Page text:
High blood pressure is a serious health issue affecting an estimated 75 million Americans, only around half of whom have their blood pressure under control. For those living in and around Columbus, Georgia, the care of Kevin Lokkesmoe, MD, of Urgent Care and Occupational Medicine can make a world of difference in managing high blood pressure. Get started today by calling the office or booking a visit online.
Each and every time your heart beats it pumps blood through your arteries, veins, and capillaries. That force puts pressure on the walls of those vessels, which is measured in two ways.
Your systolic pressure is the force placed on vessel walls during heartbeats. Your diastolic pressure is the force placed on vessel walls in the rest between heartbeats. The first number in your blood pressure reading is the systolic pressure, the second is diastolic.
Normal blood pressure is a systolic reading of less than 120 and diastolic less than 80. Once you reach a reading of 130/80 your blood pressure is too high and you should take steps to lower your readings.
High blood pressure (hypertension) is a serious health issue. The condition places undue pressure on many of your organs and systems and can cause widespread health problems.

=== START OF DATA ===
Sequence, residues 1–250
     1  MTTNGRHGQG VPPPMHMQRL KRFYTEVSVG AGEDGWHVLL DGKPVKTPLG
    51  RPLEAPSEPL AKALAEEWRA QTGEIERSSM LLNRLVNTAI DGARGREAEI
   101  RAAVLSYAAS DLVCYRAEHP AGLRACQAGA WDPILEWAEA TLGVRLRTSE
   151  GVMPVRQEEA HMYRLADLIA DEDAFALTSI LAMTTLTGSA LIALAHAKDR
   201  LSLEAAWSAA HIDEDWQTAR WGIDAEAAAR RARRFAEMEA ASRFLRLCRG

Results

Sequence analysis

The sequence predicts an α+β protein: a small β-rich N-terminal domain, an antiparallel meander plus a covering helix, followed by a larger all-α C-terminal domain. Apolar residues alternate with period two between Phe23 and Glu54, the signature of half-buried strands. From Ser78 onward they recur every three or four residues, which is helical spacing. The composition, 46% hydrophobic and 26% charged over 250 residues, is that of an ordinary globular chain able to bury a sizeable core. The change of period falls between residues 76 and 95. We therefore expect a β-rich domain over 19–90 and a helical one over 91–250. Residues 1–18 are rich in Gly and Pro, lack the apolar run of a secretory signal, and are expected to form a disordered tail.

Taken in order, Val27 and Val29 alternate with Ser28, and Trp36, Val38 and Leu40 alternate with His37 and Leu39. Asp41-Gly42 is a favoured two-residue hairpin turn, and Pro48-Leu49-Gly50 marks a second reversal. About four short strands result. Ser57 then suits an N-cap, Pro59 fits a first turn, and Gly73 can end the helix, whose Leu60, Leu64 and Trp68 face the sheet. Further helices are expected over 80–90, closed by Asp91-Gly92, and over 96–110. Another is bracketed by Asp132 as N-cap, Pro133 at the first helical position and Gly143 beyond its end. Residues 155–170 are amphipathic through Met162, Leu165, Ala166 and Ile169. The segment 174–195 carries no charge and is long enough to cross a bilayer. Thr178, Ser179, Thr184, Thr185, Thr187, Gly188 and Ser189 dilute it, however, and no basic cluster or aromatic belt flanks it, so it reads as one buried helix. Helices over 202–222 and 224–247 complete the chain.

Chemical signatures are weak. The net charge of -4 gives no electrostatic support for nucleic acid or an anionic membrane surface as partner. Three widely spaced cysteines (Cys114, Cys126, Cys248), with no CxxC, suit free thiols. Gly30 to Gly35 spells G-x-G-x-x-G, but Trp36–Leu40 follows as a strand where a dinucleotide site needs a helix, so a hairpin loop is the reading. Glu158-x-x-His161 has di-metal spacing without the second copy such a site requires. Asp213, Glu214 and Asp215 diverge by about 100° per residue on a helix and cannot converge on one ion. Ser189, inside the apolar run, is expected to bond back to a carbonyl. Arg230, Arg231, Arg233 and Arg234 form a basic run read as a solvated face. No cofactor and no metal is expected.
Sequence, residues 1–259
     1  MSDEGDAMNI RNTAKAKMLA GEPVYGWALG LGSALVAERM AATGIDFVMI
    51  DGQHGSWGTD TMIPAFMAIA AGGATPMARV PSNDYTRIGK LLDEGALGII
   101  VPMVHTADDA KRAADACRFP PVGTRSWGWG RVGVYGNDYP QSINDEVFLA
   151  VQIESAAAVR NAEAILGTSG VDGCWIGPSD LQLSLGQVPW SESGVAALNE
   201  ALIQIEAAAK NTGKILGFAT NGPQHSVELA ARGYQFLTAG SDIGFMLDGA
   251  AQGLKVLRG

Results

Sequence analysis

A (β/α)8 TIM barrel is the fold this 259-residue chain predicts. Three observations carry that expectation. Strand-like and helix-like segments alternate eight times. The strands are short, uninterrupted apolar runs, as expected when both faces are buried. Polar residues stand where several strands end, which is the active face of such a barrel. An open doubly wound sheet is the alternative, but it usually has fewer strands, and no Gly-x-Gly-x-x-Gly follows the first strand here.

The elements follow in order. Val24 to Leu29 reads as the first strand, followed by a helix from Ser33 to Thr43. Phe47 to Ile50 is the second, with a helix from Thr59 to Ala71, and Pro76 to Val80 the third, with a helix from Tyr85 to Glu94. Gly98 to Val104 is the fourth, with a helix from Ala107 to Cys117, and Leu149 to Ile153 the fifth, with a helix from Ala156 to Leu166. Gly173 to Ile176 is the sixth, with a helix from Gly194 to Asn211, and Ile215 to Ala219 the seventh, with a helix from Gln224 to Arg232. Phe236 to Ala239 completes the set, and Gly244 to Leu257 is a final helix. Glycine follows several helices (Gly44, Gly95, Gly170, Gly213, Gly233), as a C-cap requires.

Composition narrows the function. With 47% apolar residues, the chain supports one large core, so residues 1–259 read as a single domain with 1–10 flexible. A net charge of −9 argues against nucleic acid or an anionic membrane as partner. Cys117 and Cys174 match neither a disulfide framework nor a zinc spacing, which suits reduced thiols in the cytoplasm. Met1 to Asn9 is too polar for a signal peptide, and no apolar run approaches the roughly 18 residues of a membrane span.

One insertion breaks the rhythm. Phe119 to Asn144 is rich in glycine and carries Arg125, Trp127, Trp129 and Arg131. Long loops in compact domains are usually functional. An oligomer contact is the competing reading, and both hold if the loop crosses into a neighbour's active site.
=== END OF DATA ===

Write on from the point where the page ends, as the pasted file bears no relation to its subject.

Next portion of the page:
Among the risks associated with high blood pressure are heart disease, stroke, aneurysm, kidney disease, vision loss, sexual dysfunction, and much more. Making matters worse, hypertension often presents no clear signs or symptoms until a serious complication arises. That’s why high blood pressure is often referred to as a “silent killer.”
Your practitioner creates a customized care plan designed around your unique health needs and lifestyle. Medication may play a role in your treatment, especially in the early stages, to bring your readings down quickly.
There are many different types of medications that can help, including:
Many men and women need a combination of drugs to manage hypertension, and your drug therapy will likely change over time. Urgent Care and Occupational Medicine runs periodic lab work to ensure your medication is working properly.
Lifestyle modifications can go a long way toward bringing your blood pressure under control. There are many things you can do at home to manage hypertension.
Losing weight is a great place to start if you’re carrying extra pounds. Dietary improvements like reducing sodium, avoiding highly processed foods, and adding more fruits and vegetables to your diet. Reducing alcohol consumption can also help.
Increasing your activity level will also help. Find a way to incorporate exercise into your daily routines. You don’t have to join a gym or make sweeping changes; simply taking a long walk will have a positive impact.
When you’re ready to get started, call or schedule an appointment online.